Abstract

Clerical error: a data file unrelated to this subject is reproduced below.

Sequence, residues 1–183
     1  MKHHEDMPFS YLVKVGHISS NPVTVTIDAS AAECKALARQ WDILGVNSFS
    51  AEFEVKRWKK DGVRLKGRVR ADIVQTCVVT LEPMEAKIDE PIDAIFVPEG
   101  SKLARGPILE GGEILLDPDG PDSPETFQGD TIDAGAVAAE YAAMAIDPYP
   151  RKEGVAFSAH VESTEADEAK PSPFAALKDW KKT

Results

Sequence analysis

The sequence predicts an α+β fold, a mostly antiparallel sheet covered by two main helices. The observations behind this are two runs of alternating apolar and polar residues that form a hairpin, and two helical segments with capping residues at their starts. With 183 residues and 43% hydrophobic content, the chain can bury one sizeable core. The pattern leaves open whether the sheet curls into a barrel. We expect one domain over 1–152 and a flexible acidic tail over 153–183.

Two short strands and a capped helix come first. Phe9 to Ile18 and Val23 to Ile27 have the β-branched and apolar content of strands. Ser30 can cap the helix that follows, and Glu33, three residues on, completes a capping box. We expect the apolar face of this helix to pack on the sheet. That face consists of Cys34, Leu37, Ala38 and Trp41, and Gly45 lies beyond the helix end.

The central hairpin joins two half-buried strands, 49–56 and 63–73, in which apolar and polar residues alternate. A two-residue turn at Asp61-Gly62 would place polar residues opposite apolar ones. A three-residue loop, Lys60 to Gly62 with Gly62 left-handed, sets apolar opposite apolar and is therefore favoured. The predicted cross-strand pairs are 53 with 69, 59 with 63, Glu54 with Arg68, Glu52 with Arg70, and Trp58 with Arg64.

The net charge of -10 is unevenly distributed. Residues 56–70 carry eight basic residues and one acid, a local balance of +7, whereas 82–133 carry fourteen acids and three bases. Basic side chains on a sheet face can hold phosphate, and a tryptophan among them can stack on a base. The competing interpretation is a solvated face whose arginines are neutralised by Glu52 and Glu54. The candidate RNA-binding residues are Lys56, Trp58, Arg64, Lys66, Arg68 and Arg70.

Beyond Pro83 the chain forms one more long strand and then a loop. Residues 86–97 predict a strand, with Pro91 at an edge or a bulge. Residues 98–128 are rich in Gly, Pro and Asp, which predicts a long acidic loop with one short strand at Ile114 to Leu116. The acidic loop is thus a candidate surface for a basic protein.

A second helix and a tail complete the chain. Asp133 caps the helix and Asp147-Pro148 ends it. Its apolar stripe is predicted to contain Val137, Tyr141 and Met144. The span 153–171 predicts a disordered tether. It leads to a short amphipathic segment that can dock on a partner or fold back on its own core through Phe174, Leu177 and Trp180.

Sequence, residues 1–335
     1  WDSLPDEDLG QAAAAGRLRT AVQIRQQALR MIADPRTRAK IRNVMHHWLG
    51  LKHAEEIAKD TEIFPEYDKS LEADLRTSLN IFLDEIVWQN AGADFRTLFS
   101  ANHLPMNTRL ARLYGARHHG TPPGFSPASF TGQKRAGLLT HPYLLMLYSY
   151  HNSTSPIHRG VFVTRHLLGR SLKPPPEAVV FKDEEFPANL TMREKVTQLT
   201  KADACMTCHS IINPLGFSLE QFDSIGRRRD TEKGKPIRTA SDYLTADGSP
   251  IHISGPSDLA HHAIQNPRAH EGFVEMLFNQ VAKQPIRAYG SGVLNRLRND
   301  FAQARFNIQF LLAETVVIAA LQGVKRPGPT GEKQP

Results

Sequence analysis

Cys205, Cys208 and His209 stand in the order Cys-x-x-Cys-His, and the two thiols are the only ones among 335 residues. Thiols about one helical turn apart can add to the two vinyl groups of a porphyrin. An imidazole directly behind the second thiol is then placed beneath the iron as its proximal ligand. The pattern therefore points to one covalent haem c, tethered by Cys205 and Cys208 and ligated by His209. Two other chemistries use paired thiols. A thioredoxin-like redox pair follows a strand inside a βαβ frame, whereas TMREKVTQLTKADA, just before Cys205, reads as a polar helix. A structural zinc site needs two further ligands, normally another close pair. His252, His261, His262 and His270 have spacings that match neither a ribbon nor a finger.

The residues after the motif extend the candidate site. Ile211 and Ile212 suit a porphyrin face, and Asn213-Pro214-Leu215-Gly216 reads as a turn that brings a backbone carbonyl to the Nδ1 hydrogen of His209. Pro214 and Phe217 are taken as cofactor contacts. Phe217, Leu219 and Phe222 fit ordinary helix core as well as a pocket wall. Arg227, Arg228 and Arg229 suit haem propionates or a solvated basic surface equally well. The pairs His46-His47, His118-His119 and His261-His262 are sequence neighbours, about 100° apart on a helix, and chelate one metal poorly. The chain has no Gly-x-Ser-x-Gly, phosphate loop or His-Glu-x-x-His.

Buoyed by the broken-record Dobbs screed, the issue of immigration has once again risen to the apogee of our political discourse. Linda Chavez has noted that talk about immigration and immigration reform has rarely been this ubiquitous - or this "misinformed, misleading, and ahistorical." With a changing dynamic of who comes here and why, and where they settle, many Americans must deal with immigrants in a way they have never had to before. This Note proceeds to explore various images of immigrants and immigration from our Western mythology - both the myths of the "ancestors" (ancient Greeks, Romans, Jews, and Christians) and the "inheritors" (Americans). The Note's ultimate conclusion is that we can distill from the classical Greek code of hospitality ("guest-friendship") certain lessons that are valuable precisely because they are rooted in a practical and practicable ethic.
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